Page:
By Nancy J. Gonzalez

The wages in China are more expensive than a decade ago and might continue on the rise in the upcoming years. Also, some other costs associated with manufacturing are increasing in Asia while some regions in the U.S. become more competitive. As a result, reshoring - bringing production back to the U.S. - is an option many manufacturers are considering to reduce costs and to be near their customers in North America. And Mexico will benefit from this trend.

A new Boston Consulting Group (BCG) survey says 17% of manufacturers are moving operations back to the U.S., up from 13% in 2013. Also, in the BCG survey of executives, the U.S. has surpassed China as the most likely destination for new factory capacity for goods sold in the U.S.

The survey shows 31% of the executives with at least US$1 billion in annual revenue said they are most likely to locate such facilities in the U.S. within five years, up from 26% in 2013. Just 20% would choose China, down from 30% two years ago.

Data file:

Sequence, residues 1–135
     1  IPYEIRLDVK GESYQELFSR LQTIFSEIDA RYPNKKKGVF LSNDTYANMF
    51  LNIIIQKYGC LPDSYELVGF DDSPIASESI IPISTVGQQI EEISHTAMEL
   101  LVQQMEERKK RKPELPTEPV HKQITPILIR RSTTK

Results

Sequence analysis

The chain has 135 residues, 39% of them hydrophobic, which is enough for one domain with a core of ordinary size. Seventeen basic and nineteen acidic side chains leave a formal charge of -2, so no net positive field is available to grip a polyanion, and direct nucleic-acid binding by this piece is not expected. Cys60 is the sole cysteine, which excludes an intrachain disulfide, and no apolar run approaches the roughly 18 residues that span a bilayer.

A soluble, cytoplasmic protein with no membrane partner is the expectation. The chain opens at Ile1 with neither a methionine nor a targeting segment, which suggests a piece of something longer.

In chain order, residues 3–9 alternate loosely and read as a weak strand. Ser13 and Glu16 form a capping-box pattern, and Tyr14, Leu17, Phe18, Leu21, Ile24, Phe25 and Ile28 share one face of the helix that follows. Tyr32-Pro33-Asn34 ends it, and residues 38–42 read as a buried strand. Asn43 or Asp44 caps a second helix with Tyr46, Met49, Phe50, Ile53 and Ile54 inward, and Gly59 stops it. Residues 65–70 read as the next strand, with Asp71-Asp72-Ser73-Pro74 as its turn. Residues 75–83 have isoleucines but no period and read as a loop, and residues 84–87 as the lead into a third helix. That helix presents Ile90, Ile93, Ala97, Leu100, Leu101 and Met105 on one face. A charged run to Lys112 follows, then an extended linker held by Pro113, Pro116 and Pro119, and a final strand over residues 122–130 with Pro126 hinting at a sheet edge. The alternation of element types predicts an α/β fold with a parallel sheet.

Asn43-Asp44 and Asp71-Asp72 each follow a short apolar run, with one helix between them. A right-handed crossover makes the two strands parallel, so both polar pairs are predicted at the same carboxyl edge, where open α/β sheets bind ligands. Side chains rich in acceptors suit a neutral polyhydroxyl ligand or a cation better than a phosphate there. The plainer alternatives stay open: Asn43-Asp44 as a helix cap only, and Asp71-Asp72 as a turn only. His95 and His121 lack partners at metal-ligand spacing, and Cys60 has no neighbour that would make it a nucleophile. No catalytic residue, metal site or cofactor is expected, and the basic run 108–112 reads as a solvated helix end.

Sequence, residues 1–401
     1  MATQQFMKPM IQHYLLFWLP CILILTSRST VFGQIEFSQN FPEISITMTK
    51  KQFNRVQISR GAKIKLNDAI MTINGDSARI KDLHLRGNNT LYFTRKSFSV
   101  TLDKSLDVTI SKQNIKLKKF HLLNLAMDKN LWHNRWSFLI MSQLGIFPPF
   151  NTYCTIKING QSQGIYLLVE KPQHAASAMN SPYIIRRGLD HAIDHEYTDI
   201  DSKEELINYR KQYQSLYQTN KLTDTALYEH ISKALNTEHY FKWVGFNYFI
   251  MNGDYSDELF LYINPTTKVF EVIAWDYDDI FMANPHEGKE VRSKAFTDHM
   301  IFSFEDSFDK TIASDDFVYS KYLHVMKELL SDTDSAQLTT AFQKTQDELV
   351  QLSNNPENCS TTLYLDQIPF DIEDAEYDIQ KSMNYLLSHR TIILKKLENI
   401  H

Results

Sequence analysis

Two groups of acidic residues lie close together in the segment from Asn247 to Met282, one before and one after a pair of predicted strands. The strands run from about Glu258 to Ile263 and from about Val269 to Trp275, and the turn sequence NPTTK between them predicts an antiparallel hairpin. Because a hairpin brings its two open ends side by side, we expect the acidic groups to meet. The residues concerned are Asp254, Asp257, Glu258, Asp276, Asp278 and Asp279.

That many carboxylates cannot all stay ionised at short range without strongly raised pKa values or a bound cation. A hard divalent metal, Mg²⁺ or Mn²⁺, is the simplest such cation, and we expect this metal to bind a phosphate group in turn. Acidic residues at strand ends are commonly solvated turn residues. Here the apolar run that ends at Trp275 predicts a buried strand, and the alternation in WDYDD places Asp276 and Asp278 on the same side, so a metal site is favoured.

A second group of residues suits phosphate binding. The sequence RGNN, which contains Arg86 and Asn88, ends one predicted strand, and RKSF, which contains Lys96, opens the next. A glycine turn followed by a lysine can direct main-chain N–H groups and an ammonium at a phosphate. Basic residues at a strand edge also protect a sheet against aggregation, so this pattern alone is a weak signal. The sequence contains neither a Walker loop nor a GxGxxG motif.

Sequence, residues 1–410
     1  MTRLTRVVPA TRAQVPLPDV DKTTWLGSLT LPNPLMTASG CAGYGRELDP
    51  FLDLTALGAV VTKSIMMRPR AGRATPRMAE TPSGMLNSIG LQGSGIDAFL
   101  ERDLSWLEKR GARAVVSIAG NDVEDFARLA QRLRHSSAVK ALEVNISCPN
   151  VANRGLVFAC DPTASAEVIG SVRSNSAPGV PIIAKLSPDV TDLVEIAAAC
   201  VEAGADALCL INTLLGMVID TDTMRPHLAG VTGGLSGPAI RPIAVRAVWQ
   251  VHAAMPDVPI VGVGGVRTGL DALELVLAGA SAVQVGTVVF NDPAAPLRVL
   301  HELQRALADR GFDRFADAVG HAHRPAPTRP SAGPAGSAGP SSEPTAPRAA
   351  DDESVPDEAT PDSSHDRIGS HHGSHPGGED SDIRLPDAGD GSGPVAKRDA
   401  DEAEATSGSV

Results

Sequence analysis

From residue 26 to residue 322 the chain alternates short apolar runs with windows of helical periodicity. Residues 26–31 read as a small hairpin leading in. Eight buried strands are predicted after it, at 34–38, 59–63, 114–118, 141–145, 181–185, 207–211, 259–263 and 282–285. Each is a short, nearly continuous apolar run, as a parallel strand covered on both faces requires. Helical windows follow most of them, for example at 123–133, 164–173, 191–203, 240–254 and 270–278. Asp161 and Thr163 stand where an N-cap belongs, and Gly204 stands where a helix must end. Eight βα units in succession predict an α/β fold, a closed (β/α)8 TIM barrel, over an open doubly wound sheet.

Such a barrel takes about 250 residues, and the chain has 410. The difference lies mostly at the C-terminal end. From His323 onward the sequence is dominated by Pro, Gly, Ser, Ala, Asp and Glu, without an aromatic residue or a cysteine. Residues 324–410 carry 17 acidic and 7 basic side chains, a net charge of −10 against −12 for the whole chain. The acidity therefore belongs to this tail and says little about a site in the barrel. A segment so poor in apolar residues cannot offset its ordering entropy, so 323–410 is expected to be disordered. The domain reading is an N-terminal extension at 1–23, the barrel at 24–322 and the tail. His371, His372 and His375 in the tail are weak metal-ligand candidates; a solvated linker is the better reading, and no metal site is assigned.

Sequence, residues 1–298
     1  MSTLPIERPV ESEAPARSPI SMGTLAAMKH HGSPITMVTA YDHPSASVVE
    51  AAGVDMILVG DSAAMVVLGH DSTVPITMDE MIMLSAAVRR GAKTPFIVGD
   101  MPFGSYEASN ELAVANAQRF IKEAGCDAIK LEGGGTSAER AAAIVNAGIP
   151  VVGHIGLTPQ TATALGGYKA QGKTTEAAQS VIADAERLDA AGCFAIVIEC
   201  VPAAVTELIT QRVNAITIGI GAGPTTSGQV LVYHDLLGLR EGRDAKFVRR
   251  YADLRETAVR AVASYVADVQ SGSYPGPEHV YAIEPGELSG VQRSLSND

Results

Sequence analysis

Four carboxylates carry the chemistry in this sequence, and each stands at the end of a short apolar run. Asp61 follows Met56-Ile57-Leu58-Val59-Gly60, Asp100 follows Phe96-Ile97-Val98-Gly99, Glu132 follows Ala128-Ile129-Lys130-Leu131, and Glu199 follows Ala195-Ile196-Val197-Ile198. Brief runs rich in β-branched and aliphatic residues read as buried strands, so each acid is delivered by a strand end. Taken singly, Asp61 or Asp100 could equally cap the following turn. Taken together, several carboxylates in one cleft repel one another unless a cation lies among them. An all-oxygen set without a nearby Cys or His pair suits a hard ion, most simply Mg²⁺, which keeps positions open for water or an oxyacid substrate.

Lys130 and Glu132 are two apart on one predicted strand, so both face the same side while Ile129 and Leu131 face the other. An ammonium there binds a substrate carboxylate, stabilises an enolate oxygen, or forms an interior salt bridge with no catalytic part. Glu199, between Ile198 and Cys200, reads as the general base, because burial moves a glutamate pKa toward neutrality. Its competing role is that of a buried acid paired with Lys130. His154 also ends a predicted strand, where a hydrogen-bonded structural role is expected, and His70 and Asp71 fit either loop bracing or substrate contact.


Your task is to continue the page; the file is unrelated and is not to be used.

The reshoring trend began more than five years ago, partly reversing a decades-long offshoring movement to take advantage of low foreign wages.

According to the study “Made in America, Again”, published by the Boston Consulting Group, wage and benefits increases of 15 to 20% per year in China.



As shown in Exhibit #1 from 2000 through 2005, pay and benefits for the average Chinese factory worker rose by 10% annually. From 2005 through 2010, wage hikes averaged 19% per year, while the fully loaded cost of U.S. production workers rose by only 4%. The last few years have been especially volatile in China, the BCG analysis shows.

BCG´s research indicates the fully loaded cost of Chinese workers in the Yangtze River Delta will rise by annual average of 18% to about US$6.31 per hour. This region is the highest manufacturing output in the country and is the heart of the high –skilled industries as automobiles and electronics.

But wages are not the only factor to move production back to the U.S. According to the BCG study, in China, the cost of electricity has surged by 15% since 2010. In addition, industrial land is no longer cheap in China and nowadays is even more expense than in some cities in the U.S.